EP Review: A Full Glass of Vincent John’s Fresh-Squeezed ‘Tangerine’

Vincent John © Louie Kovatch
Vincent John’s buoyant ‘Tangerine EP’ captures the spirit of hope and a brighter tomorrow through a dazzling wash of modern and vintage electro-pop and R&B.

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Tangerine EP - Vincent John

Tangerine EP – Vincent John

You get in a foreign car, the American dream, it didn’t get you nowhere, so you just keep going,” sings Vincent John in his new EP’s opening track, “Shiny Car.” He may muse as a skeptic (or even cynic) at times, but Vincent John still believes in the original promise of the American dream – not as it’s been dictated by society, but as it as was told to us by our parents so many years ago: That if we believe in what we do and work hard at it, we will discover something we can all call “success.” Vincent John’s buoyant Tangerine EP (self-released Nov 16, 2018 via Paulista Group) captures the spirit of hope and a brighter tomorrow through a dazzling wash of modern and vintage electro-pop and R&B.

A multi-instrumentalist best known for his work as guitarist for fame soul act Lee Fields & the Expressions, Vincent John has spent the past two years flexing a dynamic and distinctive solo artistry. His 2016 debut EP Never Go Back introduced a light synth-guitar pop fusion whose heavy ’80s influences nevertheless felt stylish and current.

Vincent John © Louie Kovatch

Vincent John © Louie Kovatch

Tangerine presents itself to listeners with a similar freshness. The EP’s six tracks, which have been slowly released over the course of this past year, offer meditations on age-old concepts and questions. In “Shiny Car” (quoted above), the artist questions our purpose and drives – whether we’re actually moving through life with meaning, or if we’ve merely deluded ourselves into believing a nice story. “Beverly Hills” uses the famed California city as a metaphor for a certain type of euphoric, freeing feeling (“just look around, ’cause life is a vacation… hot weather, cool breeze, put it on a credit card and drive off down the street“). John seems to be basking in the embellishment, yet his mellow, almost melancholy vocals seem to denounce this lifestyle at the same time. Bad things can feel good, but a façade is a façade, no matter how nice it’s built.

These lyrical motifs, together with John’s brooding and accessible retro-pop sound, help give Tangerine an agelessness that we can come back to today, tomorrow, and a year from now. Meanwhile, this EP finds an artist continuing to discover himself: He flexes his dance music capabilities on the enticing “Fantasy,” and experiments with a funk-pop-spoken word mesh in “Call My Name.” In closing with the beautifully majestic “Tangerine,” Vincent John gives listeners a reason to celebrate him and anxiously await his next move: The moving title track bursts with tropical allure and heart-on-sleeve sincerity.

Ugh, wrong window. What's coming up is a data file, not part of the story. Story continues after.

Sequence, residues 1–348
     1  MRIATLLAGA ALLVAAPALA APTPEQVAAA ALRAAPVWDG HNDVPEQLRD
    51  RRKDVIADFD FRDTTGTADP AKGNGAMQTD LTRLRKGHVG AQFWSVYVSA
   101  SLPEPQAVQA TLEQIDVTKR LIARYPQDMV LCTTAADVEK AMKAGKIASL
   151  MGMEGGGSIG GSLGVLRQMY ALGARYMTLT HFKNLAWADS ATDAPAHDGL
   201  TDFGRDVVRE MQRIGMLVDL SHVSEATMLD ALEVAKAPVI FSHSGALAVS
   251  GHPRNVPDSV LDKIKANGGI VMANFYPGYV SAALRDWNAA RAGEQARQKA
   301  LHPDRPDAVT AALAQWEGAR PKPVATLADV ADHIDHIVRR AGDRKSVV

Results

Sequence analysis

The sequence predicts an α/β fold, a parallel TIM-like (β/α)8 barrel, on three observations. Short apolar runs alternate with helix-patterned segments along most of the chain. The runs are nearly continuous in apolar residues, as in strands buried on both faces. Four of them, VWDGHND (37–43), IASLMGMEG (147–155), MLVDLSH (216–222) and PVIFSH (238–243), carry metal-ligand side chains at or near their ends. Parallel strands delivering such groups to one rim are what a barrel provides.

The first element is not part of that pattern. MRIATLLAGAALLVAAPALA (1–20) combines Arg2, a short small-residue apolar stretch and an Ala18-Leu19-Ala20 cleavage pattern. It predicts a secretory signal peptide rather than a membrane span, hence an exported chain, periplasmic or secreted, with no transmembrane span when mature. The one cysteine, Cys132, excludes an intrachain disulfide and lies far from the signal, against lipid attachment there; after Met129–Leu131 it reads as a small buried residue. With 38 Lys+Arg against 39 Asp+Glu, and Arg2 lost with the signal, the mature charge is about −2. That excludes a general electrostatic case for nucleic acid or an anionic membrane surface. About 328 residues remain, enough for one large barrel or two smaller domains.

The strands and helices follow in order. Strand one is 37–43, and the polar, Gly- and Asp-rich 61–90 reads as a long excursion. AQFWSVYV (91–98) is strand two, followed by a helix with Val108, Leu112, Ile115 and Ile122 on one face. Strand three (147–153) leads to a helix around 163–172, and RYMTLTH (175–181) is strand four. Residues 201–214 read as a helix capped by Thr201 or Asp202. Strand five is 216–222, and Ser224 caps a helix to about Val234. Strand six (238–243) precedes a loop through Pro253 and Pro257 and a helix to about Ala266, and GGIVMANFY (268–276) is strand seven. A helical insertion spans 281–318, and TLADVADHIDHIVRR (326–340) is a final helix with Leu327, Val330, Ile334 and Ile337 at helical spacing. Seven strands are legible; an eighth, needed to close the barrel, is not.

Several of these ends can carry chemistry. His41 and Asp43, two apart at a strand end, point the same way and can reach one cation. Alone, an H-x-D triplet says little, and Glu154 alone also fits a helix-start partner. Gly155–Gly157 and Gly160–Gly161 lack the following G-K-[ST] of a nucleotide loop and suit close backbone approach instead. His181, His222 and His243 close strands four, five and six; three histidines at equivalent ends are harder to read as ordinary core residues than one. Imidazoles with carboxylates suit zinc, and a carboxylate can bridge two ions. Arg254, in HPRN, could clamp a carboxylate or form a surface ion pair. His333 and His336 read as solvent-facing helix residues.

Vincent John © Brandon Nguyen

Vincent John © Brandon Nguyen

Is it enough to be loved?
There’s something I need you to know

This could be us
Can’t go wrong
Feel the tangerines in your arms
– “Tangerines,” Vincent John

Experience the full record via the below stream, and peek inside Vincent John’s Tangerine with Atwood Magazine as he provides his personal take on the music and production of his sophomore EP!

Stream: ‘Tangerine EP’ – Vincent John

:: Inside Tangerine EP ::

Tangerine EP - Vincent John

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Shiny Car

Song: The lyrical idea came from an episode of Mad Men in which the main character is outrunning his problems by driving cross country, “Whither goest thou, America, in thy shiny car in the night?”, which is from On The Road by Jack Kerouac.
Production: Shiny Car is an intentionally upbeat, first-song-off-the-EP, track with driving guitars and pulsating synthesizer arpeggios. The instrumental was laying around, about 80% there, for over a year. I showed it to collaborator, Max Perla, and he said he had some lyrics that would fit well. They nearly did. We just changed a couple lines, and boom- the song came to life. The rest of the production was retrofitted around the lyrics.

Beverly Hills